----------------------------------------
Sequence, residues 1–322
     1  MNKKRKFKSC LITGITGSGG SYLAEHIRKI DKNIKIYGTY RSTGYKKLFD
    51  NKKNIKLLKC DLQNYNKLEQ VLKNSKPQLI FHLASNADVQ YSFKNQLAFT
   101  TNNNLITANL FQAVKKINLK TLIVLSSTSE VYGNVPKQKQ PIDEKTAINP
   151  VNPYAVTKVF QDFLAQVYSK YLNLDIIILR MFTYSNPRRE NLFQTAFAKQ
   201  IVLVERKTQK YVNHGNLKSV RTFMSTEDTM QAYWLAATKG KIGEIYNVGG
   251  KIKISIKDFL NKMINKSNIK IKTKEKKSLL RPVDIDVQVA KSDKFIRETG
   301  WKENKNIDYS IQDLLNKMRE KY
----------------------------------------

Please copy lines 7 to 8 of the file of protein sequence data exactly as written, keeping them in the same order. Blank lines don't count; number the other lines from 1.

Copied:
   251  KIKISIKDFL NKMINKSNIK IKTKEKKSLL RPVDIDVQVA KSDKFIRETG
   301  WKENKNIDYS IQDLLNKMRE KY